skarosoul:

endermisha:

bmoburns:

preteenager:

HOW DOES POPCORN EVEN DO THAT THING

HERE I SHOW YOU THE THING

image

this is the most majestic thing i have ever seen in my entire life 

it’s like a ballet

(via lifted-lungs)

“I don’t think people love me. They love versions of me I have spun for them, versions of me they have construed in their minds. The easy versions of me, the easy parts of me to love.”

~ (via psych-facts)

(via callingtopeace)

ucsdhealthsciences:

Scientists Discover “Dimmer Switch” For Mood Disorders

Researchers at University of California, San Diego School of Medicine have identified a control mechanism for an area of the brain that processes sensory and emotive information that humans experience as “disappointment.”

The discovery of what may effectively be a neurochemical antidote for feeling let-down is reported Sept. 18 in the online edition of Science.

“The idea that some people see the world as a glass half empty has a chemical basis in the brain,” said senior author Roberto Malinow, MD, PhD, professor in the Department of Neurosciences and neurobiology section of the Division of Biological Sciences. “What we have found is a process that may dampen the brain’s sensitivity to negative life events.”

Because people struggling with depression are believed to register negative experiences more strongly than others, the study’s findings have implications for understanding not just why some people have a brain chemistry that predisposes them to depression but also how to treat it.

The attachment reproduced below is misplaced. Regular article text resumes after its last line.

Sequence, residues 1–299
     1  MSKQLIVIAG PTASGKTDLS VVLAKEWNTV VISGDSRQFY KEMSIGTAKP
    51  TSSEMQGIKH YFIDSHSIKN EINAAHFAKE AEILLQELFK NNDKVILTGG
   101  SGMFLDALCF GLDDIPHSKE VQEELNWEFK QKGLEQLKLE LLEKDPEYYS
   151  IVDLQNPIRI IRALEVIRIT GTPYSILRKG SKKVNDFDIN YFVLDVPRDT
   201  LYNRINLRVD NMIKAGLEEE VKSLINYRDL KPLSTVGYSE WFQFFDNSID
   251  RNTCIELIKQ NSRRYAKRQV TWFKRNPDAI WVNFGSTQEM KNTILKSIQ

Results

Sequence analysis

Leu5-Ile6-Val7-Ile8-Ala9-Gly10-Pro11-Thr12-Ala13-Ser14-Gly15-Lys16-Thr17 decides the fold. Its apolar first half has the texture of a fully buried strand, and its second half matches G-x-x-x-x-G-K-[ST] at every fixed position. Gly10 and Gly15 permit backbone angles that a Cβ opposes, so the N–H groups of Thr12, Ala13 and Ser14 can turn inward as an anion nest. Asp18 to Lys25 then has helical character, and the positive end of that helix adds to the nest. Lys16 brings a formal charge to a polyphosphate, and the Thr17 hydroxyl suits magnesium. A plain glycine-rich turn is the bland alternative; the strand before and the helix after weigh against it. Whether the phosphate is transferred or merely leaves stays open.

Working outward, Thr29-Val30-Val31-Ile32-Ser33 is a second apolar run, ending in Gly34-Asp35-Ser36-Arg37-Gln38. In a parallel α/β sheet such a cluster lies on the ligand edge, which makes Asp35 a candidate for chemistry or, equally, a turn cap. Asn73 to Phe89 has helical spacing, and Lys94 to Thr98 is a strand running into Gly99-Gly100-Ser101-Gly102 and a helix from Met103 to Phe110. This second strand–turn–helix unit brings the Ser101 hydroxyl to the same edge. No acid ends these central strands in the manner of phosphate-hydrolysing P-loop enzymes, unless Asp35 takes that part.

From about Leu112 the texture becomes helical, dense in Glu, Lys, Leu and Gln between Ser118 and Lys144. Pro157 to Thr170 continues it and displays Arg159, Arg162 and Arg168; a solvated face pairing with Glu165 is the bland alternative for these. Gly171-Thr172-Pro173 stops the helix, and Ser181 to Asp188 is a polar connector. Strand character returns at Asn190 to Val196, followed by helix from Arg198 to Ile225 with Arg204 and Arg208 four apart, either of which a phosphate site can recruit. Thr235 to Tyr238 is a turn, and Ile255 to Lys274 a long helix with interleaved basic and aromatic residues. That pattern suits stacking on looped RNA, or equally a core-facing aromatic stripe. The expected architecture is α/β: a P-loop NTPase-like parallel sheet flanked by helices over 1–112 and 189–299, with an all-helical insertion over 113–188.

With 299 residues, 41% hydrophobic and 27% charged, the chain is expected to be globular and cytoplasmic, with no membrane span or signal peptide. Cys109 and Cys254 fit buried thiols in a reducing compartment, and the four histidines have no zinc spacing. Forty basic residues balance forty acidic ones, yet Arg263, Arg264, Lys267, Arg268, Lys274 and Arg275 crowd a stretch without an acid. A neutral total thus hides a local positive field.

Specifically, in experiments with rodents, UC San Diego researchers discovered that neurons feeding into a small region above the thalamus known as the lateral habenula (LHb) secrete both a common excitatory neurotransmitter, glutamate, and its opposite, the inhibitory neurotransmitter GABA.

Excitatory neurotransmitters promote neuronal firing while inhibitory ones suppress it, and although glutamate and GABA are among two of the most common neurotransmitters in the mammalian brain, neurons are usually specialists, producing one but not both kinds of chemical messengers.

Indeed, prior to the study, there were only two other systems in the brain where neurons had been observed to co-release excitatory and inhibitory neurotransmitters – in a particular connection in the hippocampus and in the brainstem during development of the brain’s auditory map.

“Our study is one of the first to rigorously document that inhibition can co-exist with excitation in a brain pathway,” said lead author Steven Shabel, a postdoctoral researcher with Department of Neurosciences and neurobiology section of the Division of Biological Sciences. “In our case, that pathway is believed to signal disappointment.”

The LHb is a small node-like structure in the epithalamus region of the brain that is critical for processing a variety of inputs from the basal ganglia, hypothalamus and cerebral cortex and transmitting encoded responses (output) to the brainstem, an ancient part of the brain that mammals share with reptiles.

Experiments with primates have shown that activity in the LHb increases markedly when monkeys are expecting but don’t get a sip of fruit juice or other reward, hence the idea that this region is part of a so-called disappointment pathway.

Proper functioning of the LHb, however, is believed to be important in much more than just disappointment and has been implicated in regulating pain responses and a variety of motivational behaviors. It has also been linked to psychosis.